Posted in Bonnie, Competitions | 8 Comments

Poppies, Paperbacks & Pilates

Bonnie, strutting her stuff.


I have been quiet for a little while because there’s not been much to tell you! Except: POPPIES! Loads of them in one of the fields on our daily walk. It’s amazing how cheerful they make you feel.

Now, as you probably know, bookshops are preparing to re-open in England from Monday 15th June (they’re not re-opening in Wales, Scotland or Northern Ireland just yet).

How do you feel about that? Will you be making a dash for Waterstones on Monday?

I won’t, for two reasons… I still feel a little uneasy about making all but the most essential visits to shops and secondly, I have about a zillion books in my TBR pile.

I have over-committed myself by joining another book club (this one is JUST while we’re in lockdown) and it meets on Zoom every two weeks, so a lot of frantic reading is being done.

Our first book was ‘The Accidental Tourist’ by Anne Tyler, which is brilliant (but, oh my goodness, the film is terrible!).

Book number 2, which I have to read by next Wednesday, is ‘Slumdog Millionnaire’ (originally published as ‘Q&A’) by Vikas Swarup (who, according to his Twitter feed is an “Occasional Author and full time diplomat”. Wow!).

I loved the film, so I have high hopes for ‘Slumdog Millionnaire’.

In between all of that, my Evesham Festival book club met this week (on Zoom, of course) and our book was ‘The Bean Trees’, Barbara Kingsolver’s first novel, which I had to rush-read in a day or so (luckily it’s short!).

We voted for our next book (someone suggests 2 books and the rest of us vote for our favourite), which is going to be Joanna Cannon’s ‘The Trouble with Goats and Sheep‘ (which I’ve already read twice! But it’s good, so that’s OK).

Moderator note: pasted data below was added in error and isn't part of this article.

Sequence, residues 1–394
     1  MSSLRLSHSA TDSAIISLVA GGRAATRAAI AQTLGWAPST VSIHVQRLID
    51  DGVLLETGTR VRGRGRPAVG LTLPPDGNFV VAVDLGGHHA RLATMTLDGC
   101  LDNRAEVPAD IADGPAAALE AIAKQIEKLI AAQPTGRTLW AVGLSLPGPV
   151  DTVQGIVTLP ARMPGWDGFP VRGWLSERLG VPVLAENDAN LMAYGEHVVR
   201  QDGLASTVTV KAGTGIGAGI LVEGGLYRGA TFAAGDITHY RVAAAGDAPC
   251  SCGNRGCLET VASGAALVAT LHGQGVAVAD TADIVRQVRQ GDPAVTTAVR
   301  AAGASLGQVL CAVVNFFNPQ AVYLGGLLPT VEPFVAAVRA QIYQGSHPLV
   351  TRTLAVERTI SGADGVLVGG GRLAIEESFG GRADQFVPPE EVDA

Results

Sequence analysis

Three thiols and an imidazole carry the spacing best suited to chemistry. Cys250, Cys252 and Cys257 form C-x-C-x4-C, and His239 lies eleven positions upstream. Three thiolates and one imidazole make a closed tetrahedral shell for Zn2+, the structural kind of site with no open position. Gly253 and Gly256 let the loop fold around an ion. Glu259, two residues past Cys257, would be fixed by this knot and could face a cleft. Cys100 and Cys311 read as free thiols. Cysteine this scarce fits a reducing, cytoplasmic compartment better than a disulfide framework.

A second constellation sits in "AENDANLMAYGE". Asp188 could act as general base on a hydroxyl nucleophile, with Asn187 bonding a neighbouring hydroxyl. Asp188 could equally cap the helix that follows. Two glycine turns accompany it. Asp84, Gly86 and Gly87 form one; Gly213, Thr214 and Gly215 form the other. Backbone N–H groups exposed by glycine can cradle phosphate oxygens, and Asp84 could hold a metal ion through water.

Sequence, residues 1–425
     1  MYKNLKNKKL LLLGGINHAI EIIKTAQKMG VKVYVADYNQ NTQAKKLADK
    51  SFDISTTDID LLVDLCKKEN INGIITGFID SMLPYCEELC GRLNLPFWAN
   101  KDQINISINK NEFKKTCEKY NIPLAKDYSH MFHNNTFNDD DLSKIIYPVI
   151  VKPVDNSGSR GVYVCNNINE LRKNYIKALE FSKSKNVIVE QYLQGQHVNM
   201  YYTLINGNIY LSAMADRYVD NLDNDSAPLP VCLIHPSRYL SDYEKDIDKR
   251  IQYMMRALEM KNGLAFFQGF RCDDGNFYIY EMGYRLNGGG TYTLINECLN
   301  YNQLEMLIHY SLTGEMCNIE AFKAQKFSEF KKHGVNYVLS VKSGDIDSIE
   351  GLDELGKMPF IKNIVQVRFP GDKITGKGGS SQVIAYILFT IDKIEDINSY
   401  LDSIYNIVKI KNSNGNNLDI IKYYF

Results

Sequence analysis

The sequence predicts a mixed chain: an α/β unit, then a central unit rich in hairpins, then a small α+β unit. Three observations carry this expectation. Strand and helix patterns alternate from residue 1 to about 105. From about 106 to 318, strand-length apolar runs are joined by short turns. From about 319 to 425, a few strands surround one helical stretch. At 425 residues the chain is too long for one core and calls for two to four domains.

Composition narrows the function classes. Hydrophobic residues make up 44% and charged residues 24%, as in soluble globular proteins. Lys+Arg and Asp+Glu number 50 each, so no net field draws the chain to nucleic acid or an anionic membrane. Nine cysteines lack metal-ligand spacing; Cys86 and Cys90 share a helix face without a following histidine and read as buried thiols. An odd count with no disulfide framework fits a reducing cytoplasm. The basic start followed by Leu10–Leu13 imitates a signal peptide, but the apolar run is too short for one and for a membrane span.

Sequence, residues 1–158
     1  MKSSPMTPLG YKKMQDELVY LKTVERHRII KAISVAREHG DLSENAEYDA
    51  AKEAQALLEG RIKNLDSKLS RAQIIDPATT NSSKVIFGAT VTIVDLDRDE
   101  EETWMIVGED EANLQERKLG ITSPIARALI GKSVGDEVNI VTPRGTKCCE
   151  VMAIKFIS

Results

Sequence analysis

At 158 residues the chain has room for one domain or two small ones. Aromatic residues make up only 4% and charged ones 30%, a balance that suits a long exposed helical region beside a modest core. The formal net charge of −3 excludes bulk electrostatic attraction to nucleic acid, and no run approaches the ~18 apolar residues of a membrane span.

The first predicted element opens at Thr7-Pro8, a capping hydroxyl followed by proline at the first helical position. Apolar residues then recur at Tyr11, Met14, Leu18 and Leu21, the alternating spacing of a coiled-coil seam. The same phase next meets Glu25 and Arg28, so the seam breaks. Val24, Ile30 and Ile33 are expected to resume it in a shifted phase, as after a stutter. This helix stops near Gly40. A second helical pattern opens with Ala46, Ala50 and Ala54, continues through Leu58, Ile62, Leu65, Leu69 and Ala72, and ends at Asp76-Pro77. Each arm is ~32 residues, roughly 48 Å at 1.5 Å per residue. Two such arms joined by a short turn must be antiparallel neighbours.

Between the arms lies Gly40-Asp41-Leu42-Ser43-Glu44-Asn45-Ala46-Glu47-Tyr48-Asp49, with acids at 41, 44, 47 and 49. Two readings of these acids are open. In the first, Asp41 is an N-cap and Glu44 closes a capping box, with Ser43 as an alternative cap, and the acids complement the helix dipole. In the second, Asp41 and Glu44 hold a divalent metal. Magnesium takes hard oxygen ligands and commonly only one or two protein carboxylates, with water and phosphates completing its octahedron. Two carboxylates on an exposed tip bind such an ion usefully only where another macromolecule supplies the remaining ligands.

The novel is set in the heatwave of 1976, which prompted a chorus of ‘I was conceived in that year!’ from some of the younger members of the group, followed by anguished wails (from me) of, “You’re making us feel old!” (Someone also added – not me – “I think I got divorced in 1976!”). As ‘chair’, I had to reassure everyone who still had to cast their vote, that they did NOT, as part of their deliberations, have to reveal in which year they were conceived. Peace was restored.

I did a strange thing the other evening: Pilates in my next-door neighbours’ garden!

We’ve been going to Pilates classes together for a little while but then of course, all classes were cancelled. But now we’ve got that 6-people-not-from-the-same-household-outdoors-socially-distanced rule, the Pilates teacher is organising classes for 5 people.

So, we got a small group together and she came to my neighbours’ big lawn, to take the session. It was, I have to admit a bit chilly! But it was lovely to be able to lie on my mat, looking up at the sky and to finally have a proper stretch.

Oh it’s handy that the latest Spectator competition fits my alliterative post. Here it is, if you want to have a go!

No. 3155: al fresco
You are invited to supply a poem entitled ‘The Picnic’. Please email up to 16 lines to by midday on 24 June.

Posted in Bonnie, Books, Competitions, Novels | Tagged | 3 Comments